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As millennials strive for perfection, anxiety and depression increase

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When he was in eighth grade, Benjamin Cherkasky quit the swim team.

He loved swimming. But he wasn’t winning every time, and he felt he should already be an Olympic-like talent.

“I’m not Michael Phelps at swimming, so why am I even on the team?” he remembers thinking.

A therapist who researches perfectionism at Northwestern University’s Family Institute, he realized years later what had happened. His perfectionism was creating unrealistic standards, and unable to meet them, he quit. This continued throughout college.

“My perfectionism is very high expectations, and fantasylike and not realistic expectations, that caused real suffering and real anxiety,” he said.

Cherkasky is not alone in feeling a perfectionism that can breed anxiety, depression and even suicidal thoughts.

So many millennials are suffering from the ills of perfectionism that psychologists are issuing warnings and schools are emphasizing the need to both strive and accept failure.

On Thursday, Nov. 1, Northwestern held its first event on the topic, aimed at educating students that perfectionism can be poisonous and giving tips and tactics to help.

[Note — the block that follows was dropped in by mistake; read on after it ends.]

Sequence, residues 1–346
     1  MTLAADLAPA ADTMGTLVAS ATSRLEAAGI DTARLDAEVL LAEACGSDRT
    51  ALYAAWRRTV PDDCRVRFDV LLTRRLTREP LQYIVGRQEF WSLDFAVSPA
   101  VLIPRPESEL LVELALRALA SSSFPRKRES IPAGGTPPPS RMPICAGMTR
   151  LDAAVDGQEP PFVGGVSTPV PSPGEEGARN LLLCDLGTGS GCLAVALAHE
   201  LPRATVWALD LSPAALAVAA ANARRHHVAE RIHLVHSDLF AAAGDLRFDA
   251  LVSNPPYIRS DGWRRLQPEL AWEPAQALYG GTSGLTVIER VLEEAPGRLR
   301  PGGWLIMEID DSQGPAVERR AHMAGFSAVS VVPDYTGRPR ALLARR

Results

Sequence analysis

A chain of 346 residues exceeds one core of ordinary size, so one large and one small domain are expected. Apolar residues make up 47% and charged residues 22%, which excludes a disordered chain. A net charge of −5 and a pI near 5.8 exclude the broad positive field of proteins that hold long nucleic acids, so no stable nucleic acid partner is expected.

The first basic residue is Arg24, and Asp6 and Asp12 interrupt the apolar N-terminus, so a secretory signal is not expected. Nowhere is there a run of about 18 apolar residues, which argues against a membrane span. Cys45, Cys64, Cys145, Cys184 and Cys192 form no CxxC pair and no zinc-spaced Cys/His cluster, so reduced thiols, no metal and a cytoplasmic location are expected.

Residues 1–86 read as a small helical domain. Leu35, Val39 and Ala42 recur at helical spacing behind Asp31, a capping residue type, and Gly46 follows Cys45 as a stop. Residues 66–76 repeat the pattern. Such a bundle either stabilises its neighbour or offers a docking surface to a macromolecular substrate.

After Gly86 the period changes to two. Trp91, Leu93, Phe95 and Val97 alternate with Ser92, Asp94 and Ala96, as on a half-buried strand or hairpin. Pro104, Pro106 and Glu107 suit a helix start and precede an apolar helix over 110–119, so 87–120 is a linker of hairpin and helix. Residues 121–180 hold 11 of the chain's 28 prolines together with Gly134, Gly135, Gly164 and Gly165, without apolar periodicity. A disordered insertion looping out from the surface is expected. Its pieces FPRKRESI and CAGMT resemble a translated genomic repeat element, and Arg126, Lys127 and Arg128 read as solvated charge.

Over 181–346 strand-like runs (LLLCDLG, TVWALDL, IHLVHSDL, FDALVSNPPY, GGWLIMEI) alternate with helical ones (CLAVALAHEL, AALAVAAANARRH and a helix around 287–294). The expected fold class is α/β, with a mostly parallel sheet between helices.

Jessica Rohlfing Pryor, a Family Institute staff psychologist leading the event, said every generation is a sponge for messages it receives.

“I would argue that millennials more than any other generation in American society are receiving very strong explicit messages around achieving,” she said. “There’s an absence of messaging that trying your hardest is still OK.”

Chronic procrastination and elaborate to-do lists can be signs of perfectionism — and potentially darker issues.

This January, the American Psychological Association reported that recent generations of college students have reported higher levels of perfectionism than earlier generations.

This “irrational desire to achieve along with being overly critical of oneself and others” takes a toll on young people’s mental health, according to its research, which analyzed data from more than 40,000 American, Canadian and British college students. Three types of perfectionism were measured: an irrational personal desire to be perfect, perceiving excessive expectations from others and placing unrealistic standards on others.